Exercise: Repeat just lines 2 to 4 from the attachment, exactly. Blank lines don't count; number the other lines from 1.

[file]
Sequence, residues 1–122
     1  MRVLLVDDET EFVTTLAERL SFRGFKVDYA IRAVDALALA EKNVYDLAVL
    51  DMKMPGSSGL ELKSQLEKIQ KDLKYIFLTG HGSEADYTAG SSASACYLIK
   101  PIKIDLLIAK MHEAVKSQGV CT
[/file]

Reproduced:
     1  MRVLLVDDET EFVTTLAERL SFRGFKVDYA IRAVDALALA EKNVYDLAVL
    51  DMKMPGSSGL ELKSQLEKIQ KDLKYIFLTG HGSEADYTAG SSASACYLIK
   101  PIKIDLLIAK MHEAVKSQGV CT